I will not go into the details of Amin's terrible reign, as the author has done a very good job of that already. I would say that this is well written, very readable and is highly recommended. If there was one small criticism I would make of the book it is the highly flowery language the author uses when describing the Ugandan landscape. However, I do not believe this distracts from the overall quality of this book. Thoroughly recommended.
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Amazon.com: 3.6 out of 5 stars  5 reviews
5 of 6 people found the following review helpful
5.0 out of 5 stars best book about Idi Amin from an insider 6 Feb 2002
By A Customer - Published on Amazon.com
Format:Hardcover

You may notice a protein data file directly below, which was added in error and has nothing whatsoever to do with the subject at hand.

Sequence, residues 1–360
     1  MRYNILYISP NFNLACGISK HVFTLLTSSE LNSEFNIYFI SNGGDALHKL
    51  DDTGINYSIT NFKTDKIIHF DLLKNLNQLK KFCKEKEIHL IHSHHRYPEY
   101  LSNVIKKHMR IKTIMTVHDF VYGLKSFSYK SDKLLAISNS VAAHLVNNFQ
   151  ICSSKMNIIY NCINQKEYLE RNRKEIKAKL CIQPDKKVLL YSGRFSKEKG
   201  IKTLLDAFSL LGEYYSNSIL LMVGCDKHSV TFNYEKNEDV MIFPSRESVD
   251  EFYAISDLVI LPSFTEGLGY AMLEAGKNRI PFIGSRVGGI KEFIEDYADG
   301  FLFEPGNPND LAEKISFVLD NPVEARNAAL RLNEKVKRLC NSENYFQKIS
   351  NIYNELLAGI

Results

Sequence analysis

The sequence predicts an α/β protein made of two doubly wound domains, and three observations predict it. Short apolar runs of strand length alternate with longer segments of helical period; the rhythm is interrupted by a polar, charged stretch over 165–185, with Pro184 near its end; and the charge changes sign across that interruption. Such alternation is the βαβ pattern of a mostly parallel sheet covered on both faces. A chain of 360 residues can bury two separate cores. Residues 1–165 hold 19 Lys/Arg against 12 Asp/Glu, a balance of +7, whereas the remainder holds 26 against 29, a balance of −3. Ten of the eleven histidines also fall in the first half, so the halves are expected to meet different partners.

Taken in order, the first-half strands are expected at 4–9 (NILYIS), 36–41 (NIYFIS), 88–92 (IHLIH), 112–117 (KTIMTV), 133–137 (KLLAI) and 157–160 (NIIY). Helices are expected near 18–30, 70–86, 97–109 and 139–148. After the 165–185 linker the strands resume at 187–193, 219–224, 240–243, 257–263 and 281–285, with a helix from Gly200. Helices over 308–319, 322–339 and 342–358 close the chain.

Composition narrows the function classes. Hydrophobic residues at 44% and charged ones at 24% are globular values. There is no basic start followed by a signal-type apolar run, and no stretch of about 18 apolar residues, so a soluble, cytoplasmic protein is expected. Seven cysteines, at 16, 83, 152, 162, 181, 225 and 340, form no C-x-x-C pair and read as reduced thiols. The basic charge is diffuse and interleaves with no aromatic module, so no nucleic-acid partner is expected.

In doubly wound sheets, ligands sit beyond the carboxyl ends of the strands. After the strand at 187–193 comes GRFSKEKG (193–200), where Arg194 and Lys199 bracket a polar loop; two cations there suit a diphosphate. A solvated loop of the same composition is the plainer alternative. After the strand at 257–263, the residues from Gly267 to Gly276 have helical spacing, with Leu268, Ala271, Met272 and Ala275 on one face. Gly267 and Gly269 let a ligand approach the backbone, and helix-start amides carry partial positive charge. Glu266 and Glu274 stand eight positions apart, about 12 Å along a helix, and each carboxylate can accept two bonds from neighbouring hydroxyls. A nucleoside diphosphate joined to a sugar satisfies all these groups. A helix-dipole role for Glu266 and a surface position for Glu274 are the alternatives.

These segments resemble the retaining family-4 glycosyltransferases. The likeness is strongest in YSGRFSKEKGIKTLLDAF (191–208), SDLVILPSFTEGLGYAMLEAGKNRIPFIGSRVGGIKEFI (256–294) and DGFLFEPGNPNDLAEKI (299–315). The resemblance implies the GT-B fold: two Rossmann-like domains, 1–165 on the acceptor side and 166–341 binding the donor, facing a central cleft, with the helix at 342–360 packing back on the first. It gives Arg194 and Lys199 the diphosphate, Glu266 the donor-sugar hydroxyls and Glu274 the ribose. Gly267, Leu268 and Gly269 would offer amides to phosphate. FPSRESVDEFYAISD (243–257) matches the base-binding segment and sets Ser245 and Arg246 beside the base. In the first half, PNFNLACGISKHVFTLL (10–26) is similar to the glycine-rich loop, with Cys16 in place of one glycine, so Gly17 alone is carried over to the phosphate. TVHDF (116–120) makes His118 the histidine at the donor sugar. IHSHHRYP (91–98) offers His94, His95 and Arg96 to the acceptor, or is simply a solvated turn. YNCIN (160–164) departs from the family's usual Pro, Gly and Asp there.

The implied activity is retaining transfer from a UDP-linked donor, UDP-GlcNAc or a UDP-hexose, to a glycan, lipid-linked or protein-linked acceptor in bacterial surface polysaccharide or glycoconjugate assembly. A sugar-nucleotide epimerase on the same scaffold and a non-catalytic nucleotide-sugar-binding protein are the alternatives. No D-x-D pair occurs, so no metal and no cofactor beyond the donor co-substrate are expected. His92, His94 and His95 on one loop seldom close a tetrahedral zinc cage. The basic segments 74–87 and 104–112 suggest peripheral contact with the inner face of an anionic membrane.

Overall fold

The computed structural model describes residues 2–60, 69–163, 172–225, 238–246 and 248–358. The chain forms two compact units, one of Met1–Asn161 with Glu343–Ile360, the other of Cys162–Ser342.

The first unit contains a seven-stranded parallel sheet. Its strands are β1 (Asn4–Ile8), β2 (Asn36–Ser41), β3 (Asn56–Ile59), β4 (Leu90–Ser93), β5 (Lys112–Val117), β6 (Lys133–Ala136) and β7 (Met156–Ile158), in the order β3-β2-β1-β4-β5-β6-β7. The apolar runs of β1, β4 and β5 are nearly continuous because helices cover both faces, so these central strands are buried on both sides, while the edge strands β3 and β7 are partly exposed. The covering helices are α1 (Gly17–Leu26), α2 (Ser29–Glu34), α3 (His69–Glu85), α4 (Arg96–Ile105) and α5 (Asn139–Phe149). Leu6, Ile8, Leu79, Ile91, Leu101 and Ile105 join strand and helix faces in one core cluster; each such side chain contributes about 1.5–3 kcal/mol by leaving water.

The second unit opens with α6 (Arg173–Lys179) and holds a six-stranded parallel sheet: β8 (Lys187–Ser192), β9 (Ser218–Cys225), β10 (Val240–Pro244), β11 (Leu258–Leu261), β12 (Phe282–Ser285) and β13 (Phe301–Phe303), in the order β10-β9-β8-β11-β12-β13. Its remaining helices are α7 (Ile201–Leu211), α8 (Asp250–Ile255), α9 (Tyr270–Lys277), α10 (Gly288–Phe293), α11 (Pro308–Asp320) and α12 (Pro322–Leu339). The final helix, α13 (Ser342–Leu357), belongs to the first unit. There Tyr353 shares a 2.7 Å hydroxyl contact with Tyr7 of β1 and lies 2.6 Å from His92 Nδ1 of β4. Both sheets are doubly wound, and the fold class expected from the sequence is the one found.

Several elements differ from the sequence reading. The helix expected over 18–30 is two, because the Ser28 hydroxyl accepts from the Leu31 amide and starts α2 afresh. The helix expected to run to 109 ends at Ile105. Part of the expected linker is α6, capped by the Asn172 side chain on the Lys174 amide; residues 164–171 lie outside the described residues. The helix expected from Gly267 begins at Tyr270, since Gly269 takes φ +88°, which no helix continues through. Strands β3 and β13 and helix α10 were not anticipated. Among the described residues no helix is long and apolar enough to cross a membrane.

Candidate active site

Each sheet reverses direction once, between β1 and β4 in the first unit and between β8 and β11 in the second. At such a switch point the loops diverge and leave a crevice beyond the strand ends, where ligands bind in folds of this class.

As opposed to the two previous reviewers, I thought this was an extremely well written and researched book. The author was a UN official during the 1970s and was able to draw upon his and his colleagues' experiences to form a very good portrait of one of the worst rulers in Africa's history. He starts with a very informative discussion of Amin's youth and career before he took over the Presidency of Uganda in 1971, destroying such myths as Amin's claim that he fought in Burma and India during World War II. He draws upon personal correspondance with former Ugandan President Milton Obote to provide a detailed account of Amin's coup and his foreign policy with other African countries in the 70s. Going in depth about Amin's search for oil in Lake Albert and his collusion in the assassination of Burundi's King Ntare V, Smith also provides the reader with an account of how bad life was in Uganda in the 70s. He justly praises the bravery of Makerere University students who stood up to Amin several times while condemning the lack of interest of other African politicians (except for Nyerere) and Western governments in putting an end to Amin's bloody regime.